Amazon is totally right and MacMillan is totally wrong

(Anonymous)

2010-01-30 02:36 pm (UTC)

MacMillan gets to set its wholesale price. Amazon gets to set the retail price. That's how it works. MacMillan wants to change that, in order to screw consumers and for no other reason. They think they can do so now because Apple will give them another venue - one with a price floor they've been allowed to dictate. Oh, and apparently the price floor on the ibookstore will apply to ALL sellers. So tell me how MacMillan is fighting for the consumer here?

Re: Amazon is totally right and MacMillan is totally wrong

suricattus

2010-01-30 04:41 pm (UTC)

1. why did you not see fit to sign your name to your post? I find it very difficult to take nameless blustering posts seriously, which is why Suri's First Law about identifying yourself stands. You're being incredibly rude.

2. This fight has nothing whatsoever to do with Macmillan. Please look at the facts.
a) Amazon sets their prices, and tried to bully publishers into agreeing that this should be the ONLY price, no matter their initial costs to produce the book.
b) Apple comes along and says "we have this hardware that's new and nifty and we'll work with you on the pricing."
c) Two days later, Amazon pulls all the books belonging to a company that signs with Apple, meaning that no consumer has access to those books until everyone kowtows to Amazon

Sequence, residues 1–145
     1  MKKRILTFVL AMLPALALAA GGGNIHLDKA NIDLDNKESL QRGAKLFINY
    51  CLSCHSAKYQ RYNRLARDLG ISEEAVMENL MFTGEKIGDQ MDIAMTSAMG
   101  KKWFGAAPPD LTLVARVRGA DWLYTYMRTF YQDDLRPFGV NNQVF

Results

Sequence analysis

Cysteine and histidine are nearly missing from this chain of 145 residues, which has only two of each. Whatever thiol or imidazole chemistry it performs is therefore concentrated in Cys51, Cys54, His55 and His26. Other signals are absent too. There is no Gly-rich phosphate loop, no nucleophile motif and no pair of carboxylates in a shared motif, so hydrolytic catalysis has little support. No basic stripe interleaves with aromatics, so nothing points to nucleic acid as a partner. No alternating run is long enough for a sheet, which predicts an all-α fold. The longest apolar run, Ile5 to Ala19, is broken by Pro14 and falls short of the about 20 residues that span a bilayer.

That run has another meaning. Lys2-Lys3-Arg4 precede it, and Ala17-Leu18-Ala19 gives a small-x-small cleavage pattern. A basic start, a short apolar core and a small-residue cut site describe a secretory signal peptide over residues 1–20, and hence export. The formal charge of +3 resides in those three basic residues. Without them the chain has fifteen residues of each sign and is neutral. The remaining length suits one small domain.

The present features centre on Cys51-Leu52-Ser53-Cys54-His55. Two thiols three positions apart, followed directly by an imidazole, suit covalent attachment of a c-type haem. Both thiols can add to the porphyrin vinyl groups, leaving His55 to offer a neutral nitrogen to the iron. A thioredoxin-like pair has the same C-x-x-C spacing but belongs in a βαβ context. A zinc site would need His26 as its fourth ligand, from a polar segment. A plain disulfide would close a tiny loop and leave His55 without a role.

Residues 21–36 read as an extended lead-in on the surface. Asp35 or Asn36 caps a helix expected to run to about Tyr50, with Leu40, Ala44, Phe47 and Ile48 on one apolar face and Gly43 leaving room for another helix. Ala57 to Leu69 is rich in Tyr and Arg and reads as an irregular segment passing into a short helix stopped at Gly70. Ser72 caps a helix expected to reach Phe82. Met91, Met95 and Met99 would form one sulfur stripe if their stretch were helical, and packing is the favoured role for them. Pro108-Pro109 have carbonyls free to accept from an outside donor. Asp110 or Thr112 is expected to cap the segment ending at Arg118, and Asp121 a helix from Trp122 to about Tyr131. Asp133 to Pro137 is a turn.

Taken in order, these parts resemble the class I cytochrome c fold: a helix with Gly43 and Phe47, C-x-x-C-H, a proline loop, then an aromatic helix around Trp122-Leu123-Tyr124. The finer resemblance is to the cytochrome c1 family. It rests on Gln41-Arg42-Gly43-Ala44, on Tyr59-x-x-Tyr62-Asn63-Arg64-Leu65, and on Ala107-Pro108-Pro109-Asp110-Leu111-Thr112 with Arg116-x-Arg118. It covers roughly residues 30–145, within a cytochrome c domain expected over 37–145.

As I said, this is not about "fighting for the consumer." This is about fighting for market share. History does not say good things about what happens to the consumer, once a monopoly in anything has been achieved.






Edited at 2010-01-30 04:41 pm (UTC)

Interesting that a not insignificant number of commenters on the NYT blog are lining up to say that books are too expensive as it is. I expected people to be heavily anti-Amazon on this, but so far that's not the case.

If you're not a re-reader, you probably do think that $9.99 for something that you'll use once is too expensive.

I am a re-reader and I kind of grumble at paying $7.99 or $8.99 for a mass market paperback.

Interesting that no one in Justice thinks that books are sufficiently important for antitrust investigation.

There already has been a DoJ intervention regarding the Google Settlement, which is part of why there was a second Settlement offering. They're watching.

May I put in a word for Powell's online book services? Besides being an indy, they do a very good job of carrying stuff--and since they're tied in to a bricks and mortar store, I'd think they'd be less likely to pull an entire publisher's set of books.

As if we needed a reminder of the arbitrary and implacable Fates that rule a writer's life . . .